Alfred Hitchcock's unseen Holocaust documentary to be screened

It's a little known fact that the great director made a film about the Nazi death camps – but, horrified by the footage he saw, the documentary was never shown. Now it is to be released. Geoffrey Macnab reports

The British Army Film Unit cameramen who shot the liberation of Bergen-Belsen concentration camp in 1945 used to joke about the reaction of Alfred Hitchcock to the horrific footage they filmed. When Hitchcock first saw the footage, the legendary British director was reportedly so traumatised that he stayed away from Pinewood Studios for a week. Hitchcock may have been the king of horror movies but he was utterly appalled by "the real thing".

In 1945, Hitchcock had been enlisted by his friend and patron Sidney Bernstein to help with a documentary on German wartime atrocities, based on the footage of the camps shot by British and Soviet film units. In the event, that documentary was never seen.

"It was suppressed because of the changing political situation, particularly for the British," suggests Dr Toby Haggith, Senior Curator at the Department of Research, Imperial War Museum. "Once they discovered the camps, the Americans and British were keen to release a film very quickly that would show the camps and get the German people to accept their responsibility for the atrocities that were there."

The film took far longer to make than had originally been envisaged. By late 1945, the need for it began to wane. The Allied military government decided that rubbing the Germans' noses in their own guilt wouldn't help with postwar reconstruction.

Five of the film's six reels were eventually deposited in the Imperial War Museum and the project was quietly forgotten.

In the 1980s, the footage was discovered in a rusty can in the museum by an American researcher. It was eventually shown in an incomplete version at the Berlin Film Festival in 1984 and then broadcast on American PBS in 1985 under the title Memory of the Camps but in poor quality and without the missing sixth reel. The original narration, thought to have been written by future Labour Cabinet Minister Richard Crossman in collaboration with Australian journalist Colin Wills, was read by actor Trevor Howard.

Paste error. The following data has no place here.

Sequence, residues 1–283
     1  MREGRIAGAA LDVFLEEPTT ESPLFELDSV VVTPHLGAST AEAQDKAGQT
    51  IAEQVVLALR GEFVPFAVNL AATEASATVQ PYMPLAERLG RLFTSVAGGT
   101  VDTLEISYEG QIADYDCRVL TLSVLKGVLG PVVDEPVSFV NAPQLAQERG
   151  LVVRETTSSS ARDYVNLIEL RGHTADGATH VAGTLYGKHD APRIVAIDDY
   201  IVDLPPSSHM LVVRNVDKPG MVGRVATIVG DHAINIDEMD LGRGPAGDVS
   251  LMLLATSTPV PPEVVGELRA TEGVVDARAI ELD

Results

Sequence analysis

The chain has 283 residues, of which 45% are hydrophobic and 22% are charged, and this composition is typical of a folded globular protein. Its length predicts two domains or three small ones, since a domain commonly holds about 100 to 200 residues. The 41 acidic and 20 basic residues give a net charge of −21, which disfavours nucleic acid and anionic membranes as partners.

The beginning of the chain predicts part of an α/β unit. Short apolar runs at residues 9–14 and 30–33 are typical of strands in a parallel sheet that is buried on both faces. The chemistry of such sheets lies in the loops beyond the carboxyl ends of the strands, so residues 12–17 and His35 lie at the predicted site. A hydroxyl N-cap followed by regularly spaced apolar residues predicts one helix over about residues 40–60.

Now, finally, the film is set to be seen in a version that Hitchcock, Bernstein and the other collaborators intended. The Imperial War Museum has painstakingly restored it using digital technology and has pieced together the extra material from the missing sixth reel. A new documentary, Night Will Fall, is also being made with André Singer, executive producer of The Actof Killing, as director and Stephen Frears as directorial advisor. Both the original film about the camps and the new documentary will be shown on British TV in early 2015 to mark the 70th anniversary of the "liberation" of Europe. Before that, next year, they are due to be shown together at festivals and in cinemas.

The decision to revive the film is bound to provoke anguished debate. It includes truly shocking footage of the camps (Belsen-Bergen in particular.) The film's own commentary, which has been re-recorded with a new actor, has a phrase about "sightseers" at a "chamber of horrors".

Billy Wilder, who directed Death Mills (1945), an American film about the German atrocities, was forthright about why he did not want atrocity footage to be seen in later years. Wilder questioned whether it had worked in "re-educating" the German civilian population about what their leaders had been doing in their name.

Belsen concentration camp in 1945, while under British control after liberation (Getty) Belsen concentration camp in 1945, while under British control after liberation (Getty)
"They [the Germans] couldn't cope with it. He [Wilder] told me people just left the screening or closed their eyes. They didn't want to see," Wilder's friend Volker Schlöndorff recalled in a 2011 interview. "They found out it was almost unbearable to see these documents and almost indecent for the victims or the people related to the victims."

In Memory of the Camps, there is imagery of heaps of naked bodies being piled up in mass graves. The footage seems as surreal as anything you might see in a Hieronymus Bosch painting but then you remember that these corpses haven't been conjured up by some artist's twisted imagination. These are real victims whose relatives are alive today.

In the documentary, we see the Germans themselves confronted with the enormity of the crimes committed in their name and forced to help bury the dead themselves.

As Toby Haggith acknowledges, the film is "much more candid" than any of the other documentaries about the camps. Haggith also describes it as "brilliant" and "sophisticated". The editors Stewart McAllister (famous for his work with Humphrey Jennings) and Peter Tanner, working under advice from Hitchcock, fashioned an immensely powerful and moving film from the hours and hours of grim material at their disposal. The documentary isn't all about death. We also see imagery of reconstruction and reconciliation. There is footage of camp inmates having their first showers and cleaning their clothes. The film-makers show the painstaking way that typhus was eradicated from the camps.